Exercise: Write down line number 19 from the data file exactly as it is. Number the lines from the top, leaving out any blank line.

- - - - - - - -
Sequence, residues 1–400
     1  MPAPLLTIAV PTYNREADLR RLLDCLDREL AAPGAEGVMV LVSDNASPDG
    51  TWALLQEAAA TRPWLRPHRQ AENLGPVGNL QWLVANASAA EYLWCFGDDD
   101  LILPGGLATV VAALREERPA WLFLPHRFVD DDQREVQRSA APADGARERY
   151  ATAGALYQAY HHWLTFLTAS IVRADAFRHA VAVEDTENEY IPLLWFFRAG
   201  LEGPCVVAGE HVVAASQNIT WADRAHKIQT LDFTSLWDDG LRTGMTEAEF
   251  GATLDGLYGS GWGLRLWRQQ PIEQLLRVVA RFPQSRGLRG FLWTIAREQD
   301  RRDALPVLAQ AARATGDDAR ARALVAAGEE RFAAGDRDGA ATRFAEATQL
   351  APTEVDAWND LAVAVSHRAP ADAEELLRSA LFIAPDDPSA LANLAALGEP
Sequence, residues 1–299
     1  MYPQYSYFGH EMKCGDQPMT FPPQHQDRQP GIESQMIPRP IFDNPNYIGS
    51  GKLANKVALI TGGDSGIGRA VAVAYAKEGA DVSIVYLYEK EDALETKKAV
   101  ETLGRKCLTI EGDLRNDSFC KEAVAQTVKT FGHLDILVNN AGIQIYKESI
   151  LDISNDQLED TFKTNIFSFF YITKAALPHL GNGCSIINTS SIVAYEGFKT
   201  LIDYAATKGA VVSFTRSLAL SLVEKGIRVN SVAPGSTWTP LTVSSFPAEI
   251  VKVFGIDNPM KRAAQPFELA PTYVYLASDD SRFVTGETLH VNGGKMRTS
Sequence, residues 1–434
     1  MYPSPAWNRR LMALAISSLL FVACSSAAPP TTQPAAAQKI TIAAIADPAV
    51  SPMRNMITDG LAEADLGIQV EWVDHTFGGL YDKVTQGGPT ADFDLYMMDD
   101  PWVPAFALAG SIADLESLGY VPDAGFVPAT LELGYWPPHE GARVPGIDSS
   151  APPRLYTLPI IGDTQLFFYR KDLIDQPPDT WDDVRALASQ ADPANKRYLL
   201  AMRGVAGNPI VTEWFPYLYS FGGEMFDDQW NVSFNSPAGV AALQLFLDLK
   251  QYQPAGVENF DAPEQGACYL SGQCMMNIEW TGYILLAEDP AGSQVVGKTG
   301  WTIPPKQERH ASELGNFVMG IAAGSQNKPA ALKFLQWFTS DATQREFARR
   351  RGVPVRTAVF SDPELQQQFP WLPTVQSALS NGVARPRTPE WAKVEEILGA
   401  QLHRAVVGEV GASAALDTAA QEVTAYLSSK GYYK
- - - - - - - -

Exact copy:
    51  SPMRNMITDG LAEADLGIQV EWVDHTFGGL YDKVTQGGPT ADFDLYMMDD